Report: Milwaukee's Transportation Infrastructure Faces Real Challenges

Sep 13, 2016

Anyone who's driven in the Milwaukee area recently knows that there are some roads that are in rough shape.  But do the pot holes and frost heaves and other bumps paint an accurate picture of the overall condition of the city's transportation infrastructure?

As you might expect, the truth is a little more nuanced.  The Milwaukee-based Public Policy Forum is taking a multi-pronged look at a variety of infrastructure issues in the region and at the financial picture surrounding them.  The first of those reports is called A Fork In the Road: The Outlook for Transportation Infrastructure in the City and County of Milwaukee, and deals expressly with transportation infrastructure.

"On the local level, this is an issue that tends to fall somewhat below the radar screen, but it really shouldn't," says report author Rob Henken. "I think the premise for us in terms of doing a series of reports on infrastructure needs is that local infrastructure challenges could be for the next decade what pension and health care was for the previous decade in terms of local government finance."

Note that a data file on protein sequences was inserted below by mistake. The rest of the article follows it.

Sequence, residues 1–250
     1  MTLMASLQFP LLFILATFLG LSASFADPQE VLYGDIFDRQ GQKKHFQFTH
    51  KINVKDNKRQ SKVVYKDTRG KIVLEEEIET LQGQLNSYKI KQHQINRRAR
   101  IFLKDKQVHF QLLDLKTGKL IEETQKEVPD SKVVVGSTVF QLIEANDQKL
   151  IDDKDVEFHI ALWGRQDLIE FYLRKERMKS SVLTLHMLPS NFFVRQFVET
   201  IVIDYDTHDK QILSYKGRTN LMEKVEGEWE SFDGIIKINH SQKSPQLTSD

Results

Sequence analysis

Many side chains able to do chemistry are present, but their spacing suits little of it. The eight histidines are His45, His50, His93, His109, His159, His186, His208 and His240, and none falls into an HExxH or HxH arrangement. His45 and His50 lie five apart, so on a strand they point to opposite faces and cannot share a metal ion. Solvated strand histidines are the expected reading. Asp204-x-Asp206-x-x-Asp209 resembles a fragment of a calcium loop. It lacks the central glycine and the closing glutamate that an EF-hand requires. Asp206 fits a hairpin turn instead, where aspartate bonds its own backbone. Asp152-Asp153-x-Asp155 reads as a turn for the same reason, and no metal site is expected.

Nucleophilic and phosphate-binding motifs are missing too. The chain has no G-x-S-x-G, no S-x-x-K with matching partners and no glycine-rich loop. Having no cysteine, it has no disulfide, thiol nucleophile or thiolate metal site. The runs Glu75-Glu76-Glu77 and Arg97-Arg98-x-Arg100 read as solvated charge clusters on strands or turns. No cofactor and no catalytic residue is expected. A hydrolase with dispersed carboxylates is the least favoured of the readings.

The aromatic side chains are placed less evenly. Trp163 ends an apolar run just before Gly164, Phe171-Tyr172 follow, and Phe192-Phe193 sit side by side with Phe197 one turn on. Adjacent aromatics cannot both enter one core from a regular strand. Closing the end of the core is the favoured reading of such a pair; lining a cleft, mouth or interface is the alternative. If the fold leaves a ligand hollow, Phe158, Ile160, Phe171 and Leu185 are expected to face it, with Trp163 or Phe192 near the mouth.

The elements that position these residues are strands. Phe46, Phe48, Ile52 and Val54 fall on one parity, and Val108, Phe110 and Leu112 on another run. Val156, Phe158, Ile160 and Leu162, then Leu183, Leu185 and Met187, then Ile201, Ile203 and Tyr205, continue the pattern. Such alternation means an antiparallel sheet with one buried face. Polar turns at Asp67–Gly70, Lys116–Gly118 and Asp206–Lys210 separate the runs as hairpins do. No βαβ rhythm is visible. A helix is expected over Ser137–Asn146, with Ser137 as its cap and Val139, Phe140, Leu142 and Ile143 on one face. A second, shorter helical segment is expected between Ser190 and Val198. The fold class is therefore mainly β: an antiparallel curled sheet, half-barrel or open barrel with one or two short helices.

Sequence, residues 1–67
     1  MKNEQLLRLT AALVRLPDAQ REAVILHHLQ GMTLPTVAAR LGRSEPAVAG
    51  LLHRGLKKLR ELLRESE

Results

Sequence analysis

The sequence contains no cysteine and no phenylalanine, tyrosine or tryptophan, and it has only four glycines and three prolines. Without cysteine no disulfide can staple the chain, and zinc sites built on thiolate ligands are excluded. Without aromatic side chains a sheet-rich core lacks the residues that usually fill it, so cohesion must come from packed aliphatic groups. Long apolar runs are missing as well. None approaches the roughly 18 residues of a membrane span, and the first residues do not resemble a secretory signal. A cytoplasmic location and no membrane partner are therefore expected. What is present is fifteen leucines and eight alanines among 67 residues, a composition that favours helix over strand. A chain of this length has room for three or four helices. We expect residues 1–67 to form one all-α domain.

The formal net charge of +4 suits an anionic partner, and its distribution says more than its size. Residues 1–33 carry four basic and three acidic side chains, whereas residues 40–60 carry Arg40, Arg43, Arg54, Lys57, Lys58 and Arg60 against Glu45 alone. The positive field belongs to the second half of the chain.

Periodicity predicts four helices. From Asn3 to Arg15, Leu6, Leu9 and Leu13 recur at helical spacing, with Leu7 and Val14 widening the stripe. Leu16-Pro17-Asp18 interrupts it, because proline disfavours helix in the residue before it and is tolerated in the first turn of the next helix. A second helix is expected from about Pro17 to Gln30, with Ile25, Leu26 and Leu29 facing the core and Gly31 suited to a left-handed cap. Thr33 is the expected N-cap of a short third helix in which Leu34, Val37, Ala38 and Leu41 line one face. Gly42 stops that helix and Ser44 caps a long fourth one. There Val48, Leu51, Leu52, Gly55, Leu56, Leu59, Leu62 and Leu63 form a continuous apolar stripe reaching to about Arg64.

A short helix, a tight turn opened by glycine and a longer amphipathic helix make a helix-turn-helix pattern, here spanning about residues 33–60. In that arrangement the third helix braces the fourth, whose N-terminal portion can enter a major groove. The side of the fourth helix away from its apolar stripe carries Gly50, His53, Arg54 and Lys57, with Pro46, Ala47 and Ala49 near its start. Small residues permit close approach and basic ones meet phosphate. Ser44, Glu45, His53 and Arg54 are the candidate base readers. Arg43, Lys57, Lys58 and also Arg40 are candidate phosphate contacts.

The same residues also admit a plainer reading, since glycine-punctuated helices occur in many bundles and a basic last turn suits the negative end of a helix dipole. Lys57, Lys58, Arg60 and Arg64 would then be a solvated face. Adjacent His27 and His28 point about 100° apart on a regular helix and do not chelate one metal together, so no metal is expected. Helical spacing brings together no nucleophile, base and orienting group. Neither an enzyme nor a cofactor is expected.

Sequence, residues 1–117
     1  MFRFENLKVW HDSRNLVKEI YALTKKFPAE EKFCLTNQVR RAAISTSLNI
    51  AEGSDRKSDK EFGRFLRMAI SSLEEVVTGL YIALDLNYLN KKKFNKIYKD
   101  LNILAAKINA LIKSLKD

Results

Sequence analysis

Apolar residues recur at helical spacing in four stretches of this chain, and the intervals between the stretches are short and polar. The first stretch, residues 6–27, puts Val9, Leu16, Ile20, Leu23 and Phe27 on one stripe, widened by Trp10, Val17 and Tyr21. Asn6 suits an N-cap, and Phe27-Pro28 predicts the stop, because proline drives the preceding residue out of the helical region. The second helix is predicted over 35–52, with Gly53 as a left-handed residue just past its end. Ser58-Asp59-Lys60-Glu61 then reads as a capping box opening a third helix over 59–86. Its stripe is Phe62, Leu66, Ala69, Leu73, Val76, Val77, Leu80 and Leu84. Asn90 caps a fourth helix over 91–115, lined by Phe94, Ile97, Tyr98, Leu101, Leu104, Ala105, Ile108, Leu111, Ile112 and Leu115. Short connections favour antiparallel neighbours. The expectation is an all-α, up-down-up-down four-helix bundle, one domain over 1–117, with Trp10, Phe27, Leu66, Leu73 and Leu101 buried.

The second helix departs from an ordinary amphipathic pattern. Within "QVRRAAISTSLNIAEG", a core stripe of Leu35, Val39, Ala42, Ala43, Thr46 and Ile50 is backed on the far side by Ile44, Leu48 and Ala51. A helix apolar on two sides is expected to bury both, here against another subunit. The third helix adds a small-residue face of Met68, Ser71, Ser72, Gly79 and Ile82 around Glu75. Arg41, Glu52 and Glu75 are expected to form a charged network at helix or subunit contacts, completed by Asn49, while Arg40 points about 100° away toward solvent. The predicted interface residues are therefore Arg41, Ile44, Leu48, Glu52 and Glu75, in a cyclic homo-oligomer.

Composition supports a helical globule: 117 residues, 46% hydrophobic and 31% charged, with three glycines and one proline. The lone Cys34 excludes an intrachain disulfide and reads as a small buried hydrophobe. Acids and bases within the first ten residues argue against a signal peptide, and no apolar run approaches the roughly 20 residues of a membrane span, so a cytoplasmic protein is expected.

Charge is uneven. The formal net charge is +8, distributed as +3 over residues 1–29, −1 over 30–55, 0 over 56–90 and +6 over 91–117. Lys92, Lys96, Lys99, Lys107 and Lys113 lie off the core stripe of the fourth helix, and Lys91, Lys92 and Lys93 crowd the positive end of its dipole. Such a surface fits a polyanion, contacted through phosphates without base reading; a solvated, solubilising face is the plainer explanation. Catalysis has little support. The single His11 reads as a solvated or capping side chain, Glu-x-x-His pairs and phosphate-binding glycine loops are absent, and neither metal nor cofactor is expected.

According to the report, 56% (792 miles) of city streets are rated in either poor or fair condition, creating a significant challenge, according to Henken. "For the most part, city leaders are staying on top of that need, but part of the question is how much money is available to continue to stay on top?"

Henken notes that both Milwaukee and the County have adopted policy goals that limit amounts of annual borrowing, yet both issue bonds to address most of their major capital repair and replacement needs.

One key need that needs to be addressed in transportation infrastructure is Milwaukee County's bus fleet. The County needs to maintain a regular replacement cycle for its buses, but 30% of them have already reached 500,000 revenue miles.

"There's a federal threshold of 500,000 revenue miles, and when a bus hits that threshold it's eligible for potential federal funding to aid in the replacement of that bus," Henken explains. "That doesn't mean if a bus has 500,001 miles that it's not safe to get on that bus...but when you look at the county's fleet of 436 buses, 130 of those have exceeded the 500,000 mile threshold."

Following this transportation infrastructure report, the Public Policy Forum will examine Milwaukee's water system; including the Milwaukee Metropolitan Sewage District, waste water treatment needs and the City's water works.